If you’re only familiar with Lisa Lampanelli from watching her survive the onslaught of idiocy on the fifth season of The Celebrity Apprentice, you’re the target market for Equal Opportunity Offender. And isn’t it convenient how the timing has worked out, with Lampanelli remaining as one of the last five contestants and this newbie-oriented compilation available just now, near the end of the competition?
Equal Opportunity comes on the heels of last year’s Tough Love, the insult comic’s fourth proper album, and offers 14 tracks of the same affectionately racist, homophobic sentiment upon which Lampanelli has built her career. But it’s still a greatest-hits release, and therefore immune to the usual live album considerations. Does it work as a cohesive, hour-plus set? Was the crowd into it? Does it sound like it was recorded in a grain silo? All moot. Greatest-hits albums are problematic, and not just for casual fans. Now that we can sample and buy individual tracks online, what’s the point of listening to a compilation someone else has chosen for us? Furthermore, you might enjoy the pacing and rhythm within distinct bits, but you never get a sense of where comics are at in their careers. Sure, traditional live albums are edited to sound like a single set, but they at least present the illusion of a seamless, lengthy performance. Maybe the redeeming quality of a greatest-hits collection is that if the bits hang together well enough – whether through thematic cohesion or sheer force of personality – you’ve got your Desert Island Masterpiece for that artist.
If you already own the stuff from which this Frankenstein’s monster was assembled, the good news it that most of it is worth revisiting. The album’s title nods not only to Lampanelli’s justifications for her humor, but the entire tradition of insult comedy itself, from Don Rickles to Neil Hamburger. And as bawdy as Lampanelli can be with her words, Equal Opportunity is about as traditional as it gets. It opens with “The Fag Whisperer,” a broad (and broadly written) overview of her Kathy Griffin-like appeal among gay male audiences, including such potshots as, “Thank you, homos, for skipping a night of watching Bravo TV!” and “This big queen right here, he is so gay he jerks off to Antiques Roadshow.” Not exactly Andy Kaufman. On the similarly-flavored “Homos Are My Favorite People,” from her 2009 HBO special Long Live the Queen, Lampanelli runs down her “new list of gay terminologies,” including such alliterated gems as “Gerbil Jouster” and “Purple Pickle Porthole Pirate.” She cracks herself up a few times during the recitation and follows with disjointed jabs at blacks that culminate in a Blazing Saddles-derived punchline: “Niggers smell much worse than farts.”
The juvenile simplicity and knock-knock joke intimacy is contrasted with the topical, occasionally political humor that has made her a favorite on The Howard Stern Show, though both share the same puns, pop-culture references and obsession with sex. “Men Are Good And Women Are Beautiful” offers a view into Lampanelli’s mid-2000s club material, when she had to try a bit harder to win over crowds – though, let’s be honest, not that hard given the lowest-common-denominator subject matter. Lampanelli singles out black, Hispanic, gay and gender stereotypes with the zeal and precision of a young fighter pilot, and thanks to her constant crowd work, she’s always got fresh targets.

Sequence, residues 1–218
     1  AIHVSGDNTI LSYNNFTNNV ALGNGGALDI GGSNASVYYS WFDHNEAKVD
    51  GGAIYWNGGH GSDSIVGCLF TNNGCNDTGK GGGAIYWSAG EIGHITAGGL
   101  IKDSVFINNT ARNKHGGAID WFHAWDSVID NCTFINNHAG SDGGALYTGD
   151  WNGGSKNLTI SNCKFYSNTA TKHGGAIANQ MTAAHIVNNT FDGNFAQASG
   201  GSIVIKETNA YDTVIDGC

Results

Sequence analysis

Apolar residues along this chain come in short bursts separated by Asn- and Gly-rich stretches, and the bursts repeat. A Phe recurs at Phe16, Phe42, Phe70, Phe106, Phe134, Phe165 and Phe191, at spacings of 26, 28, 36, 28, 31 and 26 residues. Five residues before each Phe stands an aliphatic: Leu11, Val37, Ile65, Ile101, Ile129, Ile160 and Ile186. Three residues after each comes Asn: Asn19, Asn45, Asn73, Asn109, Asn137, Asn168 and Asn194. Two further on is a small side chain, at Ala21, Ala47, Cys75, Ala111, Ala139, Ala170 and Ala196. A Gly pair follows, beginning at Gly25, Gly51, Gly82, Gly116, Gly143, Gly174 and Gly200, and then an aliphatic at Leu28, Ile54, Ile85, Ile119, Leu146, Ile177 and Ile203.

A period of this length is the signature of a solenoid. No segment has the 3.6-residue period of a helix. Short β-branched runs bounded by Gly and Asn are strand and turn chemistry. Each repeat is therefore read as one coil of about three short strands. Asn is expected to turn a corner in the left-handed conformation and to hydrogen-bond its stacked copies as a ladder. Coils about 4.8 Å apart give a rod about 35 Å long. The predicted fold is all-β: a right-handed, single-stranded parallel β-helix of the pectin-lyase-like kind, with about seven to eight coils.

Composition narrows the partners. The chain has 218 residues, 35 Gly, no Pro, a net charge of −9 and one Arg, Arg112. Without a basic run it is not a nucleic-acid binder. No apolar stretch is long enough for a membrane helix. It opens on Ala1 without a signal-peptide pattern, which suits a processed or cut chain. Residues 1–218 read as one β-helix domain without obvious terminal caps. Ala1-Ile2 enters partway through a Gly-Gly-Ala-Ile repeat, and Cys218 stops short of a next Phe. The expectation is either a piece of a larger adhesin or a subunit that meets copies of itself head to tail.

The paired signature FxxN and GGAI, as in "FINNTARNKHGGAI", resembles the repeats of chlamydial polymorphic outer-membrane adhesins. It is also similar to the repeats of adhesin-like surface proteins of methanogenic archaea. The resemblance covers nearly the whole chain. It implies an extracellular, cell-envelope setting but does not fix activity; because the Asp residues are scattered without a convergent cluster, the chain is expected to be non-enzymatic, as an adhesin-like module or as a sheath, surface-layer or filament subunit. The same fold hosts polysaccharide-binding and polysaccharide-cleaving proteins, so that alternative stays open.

While no stand up can really be performed in a vacuum, it’s still hard to imagine Lampanelli having much to talk about outside of her audience. On later-career material you can hear how she’s trained them to respond the way her on-stage persona might, garnering groans of disbelief at one point for saying she met “a Hispanic man with a job and no kids… I have located the unicorn!” or having one part of the crowd cheer unselfconsciously when referred to as the “whites only” section.
The problem with insult comedy is that the “What will she say next?” thrill tends to fade after the 100th racial epithet or profanity, and few things other than unfailing cleverness (as with Joan Rivers) or generalized ridiculousness (as with Andrew Dice Clay) can preserve the entertainment value. Fortunately Equal Opportunity benefits from its chronological puddle-jumping as well as its track selection, loading up on some longer, more narrative bits near the end to defer the fatigue and allow Lampanelli to wade a bit further into her subjects. The nearly eight-minute “Stereotypes” ping-pongs so quickly between deflating and trading in them that anyone with a preconceived notion of Lampanelli’s intentions is left wondering if it’s all in fun, or does she really mean it in some deep part of her psyche? Is she a relic of our unenlightened past or the harbinger of our sleazy, hateful future?
Either way: The Queen of Mean is dead. Long live the Queen!